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Who’s Afraid of Virginia Woolf

ON SCREEN // EVENT CINEMA
 

National Theatre Live (HD Broadcast):

Who’s Afraid of Virginia Woolf
 

Imelda Staunton stars in this intoxicating revival of Edward Albee’s stunning black comedy.

 


Loew Auditorium

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Considered one of the great works of American theater since winning the Tony Award for Best Play in 1963, Edward Albee’s take-no-prisoners black comedy finds an “intoxicatingly good” (Financial Times) revival at the National Theatre in London.

The play opens in the disorderly living room of a history professor (Conleth Hill, Game of Thrones) and his wife Martha (Imelda Staunton, Harry Potter), who have invited another, younger couple over for drinks and conversation. Soon, however, Martha and George turn to one of their favorite pasttimes: viciously attacking each other’s flaws and failures. As the alcohol flows and dawn approaches, the young couple are drawn deeper into George and Martha’s toxic “games” until the “party” reaches its climax in a moment of devastating truth-telling. 3h 18m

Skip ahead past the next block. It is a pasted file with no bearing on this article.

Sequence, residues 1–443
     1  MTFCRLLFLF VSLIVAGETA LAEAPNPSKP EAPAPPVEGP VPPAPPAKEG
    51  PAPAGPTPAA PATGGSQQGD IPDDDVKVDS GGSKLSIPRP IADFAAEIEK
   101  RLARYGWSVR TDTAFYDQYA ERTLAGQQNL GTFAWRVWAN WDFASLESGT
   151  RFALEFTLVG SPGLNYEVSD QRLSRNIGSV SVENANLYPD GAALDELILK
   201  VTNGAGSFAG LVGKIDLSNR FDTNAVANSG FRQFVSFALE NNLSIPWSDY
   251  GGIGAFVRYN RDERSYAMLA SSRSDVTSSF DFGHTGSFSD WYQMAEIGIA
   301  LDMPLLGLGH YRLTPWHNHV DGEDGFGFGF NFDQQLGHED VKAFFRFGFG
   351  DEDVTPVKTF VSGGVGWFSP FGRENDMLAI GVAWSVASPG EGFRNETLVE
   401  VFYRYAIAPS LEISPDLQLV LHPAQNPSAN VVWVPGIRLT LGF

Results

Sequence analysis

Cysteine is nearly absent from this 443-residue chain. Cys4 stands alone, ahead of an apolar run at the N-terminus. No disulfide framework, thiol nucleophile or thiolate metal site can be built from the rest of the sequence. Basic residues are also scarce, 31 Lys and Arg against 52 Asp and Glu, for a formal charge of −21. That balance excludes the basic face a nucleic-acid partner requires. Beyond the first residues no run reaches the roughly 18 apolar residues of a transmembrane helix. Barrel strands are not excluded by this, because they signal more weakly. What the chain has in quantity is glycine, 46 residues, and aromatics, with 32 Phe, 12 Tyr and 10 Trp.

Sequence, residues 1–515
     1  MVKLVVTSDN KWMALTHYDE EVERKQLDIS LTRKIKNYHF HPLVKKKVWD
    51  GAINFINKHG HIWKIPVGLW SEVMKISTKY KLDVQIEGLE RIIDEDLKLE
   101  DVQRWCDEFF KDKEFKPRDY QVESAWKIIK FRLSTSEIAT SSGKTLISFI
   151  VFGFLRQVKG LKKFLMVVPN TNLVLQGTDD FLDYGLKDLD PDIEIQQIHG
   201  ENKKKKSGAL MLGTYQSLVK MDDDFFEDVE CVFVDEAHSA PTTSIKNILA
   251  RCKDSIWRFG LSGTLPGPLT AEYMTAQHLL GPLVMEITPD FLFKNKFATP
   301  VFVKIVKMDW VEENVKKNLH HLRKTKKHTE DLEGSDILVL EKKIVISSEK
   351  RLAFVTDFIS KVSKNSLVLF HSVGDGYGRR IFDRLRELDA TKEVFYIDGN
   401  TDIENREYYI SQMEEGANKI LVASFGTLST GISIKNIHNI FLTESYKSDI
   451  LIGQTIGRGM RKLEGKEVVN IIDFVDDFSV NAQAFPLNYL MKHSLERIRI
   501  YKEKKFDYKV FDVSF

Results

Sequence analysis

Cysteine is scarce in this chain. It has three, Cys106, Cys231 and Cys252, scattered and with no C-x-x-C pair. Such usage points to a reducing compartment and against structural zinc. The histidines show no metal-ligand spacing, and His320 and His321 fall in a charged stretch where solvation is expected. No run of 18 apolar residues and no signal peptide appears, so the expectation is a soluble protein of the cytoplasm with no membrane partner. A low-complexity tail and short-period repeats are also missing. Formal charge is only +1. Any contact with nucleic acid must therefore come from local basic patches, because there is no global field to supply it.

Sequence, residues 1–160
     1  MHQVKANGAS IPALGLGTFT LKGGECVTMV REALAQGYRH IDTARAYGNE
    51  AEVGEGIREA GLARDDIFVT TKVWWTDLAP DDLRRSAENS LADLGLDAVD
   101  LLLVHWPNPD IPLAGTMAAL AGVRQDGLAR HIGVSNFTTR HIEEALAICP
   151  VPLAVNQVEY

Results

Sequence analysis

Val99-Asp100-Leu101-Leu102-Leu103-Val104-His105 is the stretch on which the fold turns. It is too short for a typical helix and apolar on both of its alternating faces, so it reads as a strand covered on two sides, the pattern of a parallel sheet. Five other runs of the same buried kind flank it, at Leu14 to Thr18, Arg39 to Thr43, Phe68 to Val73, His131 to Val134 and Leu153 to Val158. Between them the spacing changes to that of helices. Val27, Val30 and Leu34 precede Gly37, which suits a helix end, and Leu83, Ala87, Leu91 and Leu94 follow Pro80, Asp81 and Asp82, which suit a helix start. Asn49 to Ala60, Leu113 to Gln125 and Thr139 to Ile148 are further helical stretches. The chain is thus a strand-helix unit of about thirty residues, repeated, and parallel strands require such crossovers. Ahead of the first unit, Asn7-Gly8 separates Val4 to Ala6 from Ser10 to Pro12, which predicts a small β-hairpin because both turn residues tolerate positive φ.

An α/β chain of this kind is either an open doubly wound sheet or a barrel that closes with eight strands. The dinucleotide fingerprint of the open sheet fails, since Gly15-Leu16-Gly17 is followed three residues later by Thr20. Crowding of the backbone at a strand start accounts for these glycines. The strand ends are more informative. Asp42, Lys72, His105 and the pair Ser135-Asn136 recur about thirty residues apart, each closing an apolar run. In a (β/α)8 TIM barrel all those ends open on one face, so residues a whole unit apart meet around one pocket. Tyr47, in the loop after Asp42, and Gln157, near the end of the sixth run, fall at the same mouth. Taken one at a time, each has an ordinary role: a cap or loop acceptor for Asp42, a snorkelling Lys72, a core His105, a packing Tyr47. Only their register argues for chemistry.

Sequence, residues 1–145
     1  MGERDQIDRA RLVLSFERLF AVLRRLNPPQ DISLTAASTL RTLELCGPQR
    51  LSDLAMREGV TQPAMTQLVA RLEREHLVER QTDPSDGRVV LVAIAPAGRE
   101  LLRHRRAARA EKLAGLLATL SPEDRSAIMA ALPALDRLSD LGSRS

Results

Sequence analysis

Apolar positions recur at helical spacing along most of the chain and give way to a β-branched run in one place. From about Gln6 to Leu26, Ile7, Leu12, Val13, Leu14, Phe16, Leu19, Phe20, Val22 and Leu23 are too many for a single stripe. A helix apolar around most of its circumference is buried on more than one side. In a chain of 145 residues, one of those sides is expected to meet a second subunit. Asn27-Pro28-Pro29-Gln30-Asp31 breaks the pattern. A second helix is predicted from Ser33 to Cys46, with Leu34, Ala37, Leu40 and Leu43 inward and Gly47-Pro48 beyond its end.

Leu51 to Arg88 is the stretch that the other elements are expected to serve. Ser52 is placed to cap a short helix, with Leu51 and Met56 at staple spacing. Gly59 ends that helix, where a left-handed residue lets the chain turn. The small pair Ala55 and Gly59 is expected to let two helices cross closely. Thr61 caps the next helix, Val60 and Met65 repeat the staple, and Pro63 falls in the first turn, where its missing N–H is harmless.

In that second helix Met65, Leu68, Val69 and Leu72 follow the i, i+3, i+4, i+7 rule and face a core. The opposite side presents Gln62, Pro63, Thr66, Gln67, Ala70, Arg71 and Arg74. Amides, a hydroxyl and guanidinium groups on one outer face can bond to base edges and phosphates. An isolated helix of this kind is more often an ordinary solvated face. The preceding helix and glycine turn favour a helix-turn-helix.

“This is one of those rare occasions when play, performance and production perfectly coalesce. Imelda Staunton, having portrayed one of the sacred monsters of the American musical in Gypsy, now brilliantly embodies Edward Albee’s campus Medusa in the shape of Martha. Conleth Hill matches her every inch of the way as her seemingly ineffectual husband, George. Watching the two of them pummel each other senseless in a three-hour verbal slugfest may be exhausting but is ultimately uplifting and cathartic.” The Guardian



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Check out this glowing review of the production in The New York Times:

“Woolf” is one play I thought I’d seen enough of for now. But this version, directed by James Macdonald and starring a ravishingly well matched Imelda Staunton and Conleth Hill, harrowed and moved me as if I were encountering the show for the first time.

It also made me appreciate anew the impeccable construction this 1962 portrait of marriage in academia and the rich opportunities it allows its cast of four to build characters that tower in the memory. Mr. Macdonald, an undersung British director of fierce emotional insight, has an equal appreciation for the form and feeling of this play, and how they infuse each other.

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National Theatre Live (NT Live) delivers the best of British theater to cinemas around the world. Stage performances are captured live in front of an audience at London’s National Theatre and its collaborating companies. The shows are then broadcast (live and time-delayed) in high definition across Europe and America.